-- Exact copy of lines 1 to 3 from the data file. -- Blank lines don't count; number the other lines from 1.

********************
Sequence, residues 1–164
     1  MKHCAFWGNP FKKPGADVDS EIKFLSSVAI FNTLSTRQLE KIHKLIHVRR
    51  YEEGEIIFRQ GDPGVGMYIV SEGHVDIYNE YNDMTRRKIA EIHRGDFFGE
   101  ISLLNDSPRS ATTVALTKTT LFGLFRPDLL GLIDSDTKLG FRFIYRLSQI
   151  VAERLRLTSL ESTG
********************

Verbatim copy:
Sequence, residues 1–164
     1  MKHCAFWGNP FKKPGADVDS EIKFLSSVAI FNTLSTRQLE KIHKLIHVRR
    51  YEEGEIIFRQ GDPGVGMYIV SEGHVDIYNE YNDMTRRKIA EIHRGDFFGE